In the USA, SLEV causes encephalitis in approximately 100 human cases annually30 and is one of the most common causes of arbovirus-induced disease31, with sporadic epidemics6,30,31. However, this arboviral disease has different epidemiological features in Brazil, largely in terms of the relatively few cases of SLEV-induced encephalitis identified in humans20,22. Additionally, most flaviviruses that occur in Brazil, with the exception of dengue virus, are predominantly maintained as sylvatic zoonotic diseases that occasionally produce infections in humans and domestic animals that have entered the ecosystems where these viruses occur4. Consequently, it can be speculated that this epidemiological difference might possibly be attributable to specific environmental and biological conditions within Brazil that alter the virulence or pathogenicity of SLEV in humans. Although the factors that are actively or otherwise associated with this phenomenon have not been fully elucidated, at least two theories should be considered. First, the elevated endemicity of other closely related flaviviruses that elicit cross-protection in humans, such as that occurring with dengue and yellow fever immunization, might easily result in the underdiagnosis of SLEV; this occurred in a study of 519 patients who were initially diagnosed as having dengue fever, but later molecular investigation confirmed the presence of SLEV in eight of them14. Secondly, the difficulty in efficiently recognizing and/or diagnosing SLEV encephalitis in patients at both public and private health services might also contribute to the reduced number of cases in Brazil, considering that patients may either be asymptomatic4,16 or present with flu-like disease syndromes that can progress to acute or subacute meningeal and focal neurological manifestations32. Moreover, three patients from an outbreak of SLEV in northwestern São Paulo demonstrated hemorrhagic manifestations typical of dengue fever virus33. Taken together, the confirmation of SLEV in several states in Brazil13,14,16 in addition to the Amazon region may suggest dissemination due to migratory birds16,22, as previously postulated. Furthermore, Culex declarator and Culex coronator are known vectors, while monkeys, sloths, armadillos, and marsupials are reservoirs of this virus in Brazil4. Therefore, the seropositivity of nonhuman primates and horses to SLEV demonstrated in this study in a region geographically distant from the Amazon region is of great concern, and additional investigation must be conducted to understand the dynamics associated with this virus in a new environment but in conventional hosts.

During this investigation, the majority (57.1%; 12/21) of seropositive monkeys demonstrated titers of SLEV according to HI that were ≥ 40, suggesting that these antibodies are attributable to the presence of SLEV and not cross-reactivity from contact with similar related viruses. Alternatively, in a seroepidemiological survey conducted in French Guiana, primates had low antibody titers to SLEV (HI <40) but elevated titers to yellow fever (HI >320), and the authors suggested that that SLEV antibodies identified could have been due to cross-reactions with yellow fever virus23. Low titers of SLEV were also identified in horses, livestock, and wildlife from the island of Trinidad11. However, during this investigation, seropositivity was only identified for SLEV, and negative results were obtained with all other viruses by HI, indicating that there was no cross-reaction with any similarly related virus.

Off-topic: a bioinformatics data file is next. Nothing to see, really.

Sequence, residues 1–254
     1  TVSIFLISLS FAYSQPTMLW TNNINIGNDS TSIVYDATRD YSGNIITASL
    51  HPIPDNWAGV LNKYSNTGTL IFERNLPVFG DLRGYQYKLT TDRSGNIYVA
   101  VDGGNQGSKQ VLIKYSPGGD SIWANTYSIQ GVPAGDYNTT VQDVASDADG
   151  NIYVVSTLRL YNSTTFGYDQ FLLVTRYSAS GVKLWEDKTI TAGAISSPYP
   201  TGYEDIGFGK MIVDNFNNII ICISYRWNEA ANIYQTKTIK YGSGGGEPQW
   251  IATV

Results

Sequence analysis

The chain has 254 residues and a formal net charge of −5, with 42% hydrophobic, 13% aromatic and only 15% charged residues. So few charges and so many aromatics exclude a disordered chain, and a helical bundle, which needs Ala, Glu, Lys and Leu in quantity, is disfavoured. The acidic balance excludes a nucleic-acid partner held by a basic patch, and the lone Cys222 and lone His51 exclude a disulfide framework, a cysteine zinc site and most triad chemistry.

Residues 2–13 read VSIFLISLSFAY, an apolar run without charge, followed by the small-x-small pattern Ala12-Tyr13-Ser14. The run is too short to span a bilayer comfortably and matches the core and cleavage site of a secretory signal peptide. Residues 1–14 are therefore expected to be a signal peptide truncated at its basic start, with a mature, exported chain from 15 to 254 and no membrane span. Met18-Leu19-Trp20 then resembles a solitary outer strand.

In Argentina, SLEV studies have focused primarily on populations of mosquitoes34,35, humans36, and horses8, but the importance of monkeys in the sylvatic SLEV cycle has not been investigated. However, during this study, serological results confirmed the participation of nonhuman primates in the maintenance cycle of SLEV in southern Brazil. Consequently, these results most likely represent the first identification of SLEV in nonhuman primates beyond the Amazon region of Brazil.

Horses are commonly found in the region where sample collection was performed, largely on farms that are close to forested areas, and the relationships contributing to the presence of SLEV antibodies in these animals should be considered. Elevated prevalence rates of SLEV antibodies in horses from the Amazon18 and Pantanal17,18 regions have been described, but this report is the first description of SLEV in southern Brazil within an ecosystem that is very distant and quite different from the Amazon and Pantanal regions. Therefore, these results suggest that horses may participate as vertebrate hosts in the dissemination of SLEV and most likely should be considered amplifying sources of SLEV for primates, or vice versa. However, additional investigations must be performed to confirm this theory.

This report is the first describing the seroprevalence of specific SLEV antibodies in free-ranging monkeys within the State of Paraná, southern Brazil, and implicates nonhuman primates in the natural maintenance cycle of SLEV in the Southern Cone region, where an SLEV encephalitis outbreak was identified in northern Argentina35. Future research will aim to identify local mosquito and human populations to establish their roles in the SLEV life cycle.

ACKNOWLEDGMENTS

We are grateful to Mr. Basílio S. Buna, Geraldo M. da Silva, and Luiz R.O. Costa of the Evandro Chagas Institute (IEC-PA), Department of Arbovirology and Hemorrhagic Fevers, for performing all serological assays. Our gratitude is also extended to the Entomology Team of SESA-PR (Porto Rico-PR) for technical support during sample collection and to the Instituto Brasileiro do Meio Ambiente e dos Recursos Naturais Renováveis (IBAMA) for permission to capture primates for this experiment. We are also grateful to Dr. João Luis Garcia, Universidade Estadual de Londrina, for assistance with the statistical analysis.

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FINANCIAL SUPPORT

Secretaria Estadual de Saúde do Paraná (SESA-PR), Secretaria de Estado da Ciência, Tecnologia e Ensino Superior (SETI-PR), Coordenação de Aperfeiçoamento de Pessoal de Nível Superior (CAPES), and Conselho Nacional de Desenvolvimento Científico e Tecnológico (CNPq). Gabriela Ludwig has a temporary scholarship from Centro Nacional de Pesquisa e Conservação de Primatas Brasileiros, Instituto Chico Mendes de Conservação da Biodiversidade, Projeto Nacional de Ações Integradas Público-Privadas para Biodiversidade – Fundação de Empreendimentos Pesquisa e Desenvolvimento.

Received: April 18, 2014; Accepted: June 30, 2014

Address to: Dr. Selwyn Arlington Headley. Depto de Medicina Veterinária Preventiva/UEL. Rodovia Celso Garcia Cid, PR 445, km 380, Campus Universitário, Caixa Postal 10.001, 86057-970 Londrina, PR, Brasil. Phone/Fax: 55 43 3371-4485. e-mail: selwyn.headley@uel.br

CONFLICT OF INTEREST The authors declare that there is no conflict of interest.